Researchers at Children’s continue to make strides, share optimism

The mission of The Rory David Deutsch Foundation is to eradicate pediatric brain tumors and other devastating childhood diseases as well as to make a difference in the lives of afflicted children and their families. The Foundation’s determination in achieving this bold mission is perhaps best reflected in its enduring partnership with Children’s Memorial Hospital. Under the direction of Stewart Goldman, M.D., the Gus Foundation Chair of Neuro-Oncology; Medical Director, Neuro-Oncology; and Director of Clinical Trial Center at Children’s; researchers at Children’s have relied on funding from The Foundation to investigate new and promising methods to treat children battling brain stem gliomas. Having increased its increments of payment to $200,000 per year, The Foundation is now in the fourth of its five-year, $1,000,000 commitment to Children’s.

Combining The Foundation’s pledge with other avenues of support, the dedicated team of researchers at Children’s has pursued advancements in pediatric cancer treatment on multiple fronts. The team has tested a novel regimen that combines the drug Thalidomide with standard radiation and carboplatin chemotherapy in an effort to kill cancer cells and increase glioma survival rates. It has attempted to manipulate protein pathways in an effort to make even the most aggressive tumors more responsive to much less toxic therapies. In examining existing drug treatments, the team has tested an intravenous version of the drug Busulfan. In lower doses, this drug is already being used effectively in oral form to treat certain kinds of cancer, in lower doses to determine whether bone marrow damage can be avoided without reducing the drug’s positive affects.

These and many other steps forward, including the progress of a new interstitial program at Children’s, continue to fuel the objectives and optimism of these expert researchers. In its study of interstitial therapy, a fully trained nurse working in the lab is able to implant a luciferase gene—the gene that makes a firefly glow—into the tumor cells of an animal. With the use of a specialized machine, the cell in the animal is illuminated, allowing researchers to watch the tumor grow in real time. “This is a study we’re very excited about, and the equipment we rely on is made possible by The Rory David Deutsch Foundation,” says Dr. Goldman. “Rather than having to sacrifice the animal, we’re able to observe the tumor as it progresses. This can help us determine how and where to treat a progressing tumor in a child.”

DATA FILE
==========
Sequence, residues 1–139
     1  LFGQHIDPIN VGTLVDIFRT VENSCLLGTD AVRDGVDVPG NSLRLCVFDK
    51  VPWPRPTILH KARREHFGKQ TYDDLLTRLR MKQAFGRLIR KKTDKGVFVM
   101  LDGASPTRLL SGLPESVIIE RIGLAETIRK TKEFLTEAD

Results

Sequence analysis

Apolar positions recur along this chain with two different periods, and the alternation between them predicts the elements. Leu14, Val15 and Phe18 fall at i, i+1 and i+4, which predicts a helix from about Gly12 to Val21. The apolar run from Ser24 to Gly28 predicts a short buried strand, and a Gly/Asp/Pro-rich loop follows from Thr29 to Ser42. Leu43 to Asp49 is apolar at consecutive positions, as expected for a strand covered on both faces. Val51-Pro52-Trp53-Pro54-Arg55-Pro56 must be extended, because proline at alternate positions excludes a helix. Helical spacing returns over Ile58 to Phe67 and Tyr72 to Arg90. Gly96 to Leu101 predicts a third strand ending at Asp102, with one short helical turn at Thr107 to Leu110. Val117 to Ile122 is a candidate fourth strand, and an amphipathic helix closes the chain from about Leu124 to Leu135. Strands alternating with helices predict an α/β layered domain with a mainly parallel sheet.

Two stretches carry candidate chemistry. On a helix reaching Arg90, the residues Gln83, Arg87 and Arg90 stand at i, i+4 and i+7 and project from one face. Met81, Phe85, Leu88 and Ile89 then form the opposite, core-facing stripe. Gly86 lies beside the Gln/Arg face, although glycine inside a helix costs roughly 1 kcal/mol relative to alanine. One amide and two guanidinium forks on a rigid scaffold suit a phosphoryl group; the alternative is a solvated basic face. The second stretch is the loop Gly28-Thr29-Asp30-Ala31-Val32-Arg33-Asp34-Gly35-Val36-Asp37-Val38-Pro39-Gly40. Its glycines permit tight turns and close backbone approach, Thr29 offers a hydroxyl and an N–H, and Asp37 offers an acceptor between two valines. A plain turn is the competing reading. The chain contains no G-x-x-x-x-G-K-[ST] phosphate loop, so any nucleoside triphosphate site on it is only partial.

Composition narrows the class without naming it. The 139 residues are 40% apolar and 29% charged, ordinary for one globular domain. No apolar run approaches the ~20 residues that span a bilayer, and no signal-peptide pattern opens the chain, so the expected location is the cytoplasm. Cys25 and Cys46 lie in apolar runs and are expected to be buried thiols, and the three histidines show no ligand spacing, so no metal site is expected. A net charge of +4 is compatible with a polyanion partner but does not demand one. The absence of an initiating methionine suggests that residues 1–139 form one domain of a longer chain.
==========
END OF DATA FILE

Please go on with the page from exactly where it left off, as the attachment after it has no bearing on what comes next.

As Dr. Goldman points out, however, significant progress in the fight against pediatric cancer ultimately depends on a collective approach that stretches well beyond the walls of one institution. With that philosophy in mind, Children’s Memorial proudly hosted the thirteenth International Symposium on Pediatric Neuro-Oncology (ISPNO), held June 29 to July 2. This meeting welcomes oncologists, neurosurgeons, radiation oncologists, neurologists, nurses, basic researchers, neuro-pathologists, neuro-radiologists, endocrinologists, psychologists, social workers, research associates, and other health care providers involved in the care of children with central nervous system tumors. “This gathering of physicians, surgeons, nurses and researchers from around the world provided a great opportunity for interaction and exchange of information, and it was a thrilling opportunity for Children’s Memorial to showcase the excellence of our neuro-oncology program,” said Dr. Goldman. “I firmly believe that it is only through collaborative efforts like this that we will some day find a cure for pediatric cancer. The experts who attended ISPNO represented a broad spectrum of specialties, and the gathering encouraged great discussion on current trends, treatment, management and care of children battling central nervous system tumors. I am energized and inspired by the next phase of growth and development in neuro-oncology here at Children’s.”

Backed by an international spirit of partnership, and the passionate support of organizations like The Rory David Deutsch Foundation, Dr. Goldman and the team he leads continues to inspire hope that this shared mission is one that will indeed be achieved.

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